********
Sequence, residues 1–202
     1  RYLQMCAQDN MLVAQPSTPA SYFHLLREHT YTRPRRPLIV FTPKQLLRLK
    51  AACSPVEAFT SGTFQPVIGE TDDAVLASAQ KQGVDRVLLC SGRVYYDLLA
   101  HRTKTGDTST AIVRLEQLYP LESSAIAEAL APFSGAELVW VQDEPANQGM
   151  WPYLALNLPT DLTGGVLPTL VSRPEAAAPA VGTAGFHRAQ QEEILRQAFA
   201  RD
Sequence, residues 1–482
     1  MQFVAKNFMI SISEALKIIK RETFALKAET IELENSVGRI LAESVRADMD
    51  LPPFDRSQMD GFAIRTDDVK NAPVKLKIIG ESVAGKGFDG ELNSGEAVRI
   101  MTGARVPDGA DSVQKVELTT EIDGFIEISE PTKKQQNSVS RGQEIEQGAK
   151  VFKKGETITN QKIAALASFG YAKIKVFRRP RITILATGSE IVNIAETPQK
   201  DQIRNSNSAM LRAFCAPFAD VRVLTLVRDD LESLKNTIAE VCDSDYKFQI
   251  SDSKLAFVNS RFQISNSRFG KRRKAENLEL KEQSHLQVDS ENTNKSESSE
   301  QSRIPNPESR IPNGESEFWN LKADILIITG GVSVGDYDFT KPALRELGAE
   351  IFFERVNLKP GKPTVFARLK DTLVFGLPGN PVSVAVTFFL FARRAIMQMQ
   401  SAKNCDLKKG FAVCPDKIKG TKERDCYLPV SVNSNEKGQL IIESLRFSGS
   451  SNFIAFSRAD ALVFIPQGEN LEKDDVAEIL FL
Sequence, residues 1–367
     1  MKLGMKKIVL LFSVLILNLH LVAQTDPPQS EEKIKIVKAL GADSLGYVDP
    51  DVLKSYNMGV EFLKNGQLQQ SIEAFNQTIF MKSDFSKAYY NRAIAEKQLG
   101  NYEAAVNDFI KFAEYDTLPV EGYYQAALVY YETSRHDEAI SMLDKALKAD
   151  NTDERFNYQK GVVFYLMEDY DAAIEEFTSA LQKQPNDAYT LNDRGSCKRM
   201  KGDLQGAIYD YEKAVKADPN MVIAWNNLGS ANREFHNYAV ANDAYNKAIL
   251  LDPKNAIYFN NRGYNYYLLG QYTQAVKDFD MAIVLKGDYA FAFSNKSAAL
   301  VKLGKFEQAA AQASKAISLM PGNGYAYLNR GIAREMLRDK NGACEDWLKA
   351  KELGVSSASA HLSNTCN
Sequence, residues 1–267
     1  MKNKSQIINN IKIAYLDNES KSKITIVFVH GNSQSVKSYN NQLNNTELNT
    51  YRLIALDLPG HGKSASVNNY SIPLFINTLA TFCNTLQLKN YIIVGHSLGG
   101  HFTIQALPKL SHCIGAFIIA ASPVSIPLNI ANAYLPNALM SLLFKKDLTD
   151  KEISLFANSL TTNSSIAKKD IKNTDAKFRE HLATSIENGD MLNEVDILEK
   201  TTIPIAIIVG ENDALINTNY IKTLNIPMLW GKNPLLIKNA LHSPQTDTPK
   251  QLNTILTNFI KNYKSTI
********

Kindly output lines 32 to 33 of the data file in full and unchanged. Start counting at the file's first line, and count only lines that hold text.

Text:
   201  TTIPIAIIVG ENDALINTNY IKTLNIPMLW GKNPLLIKNA LHSPQTDTPK
   251  QLNTILTNFI KNYKSTI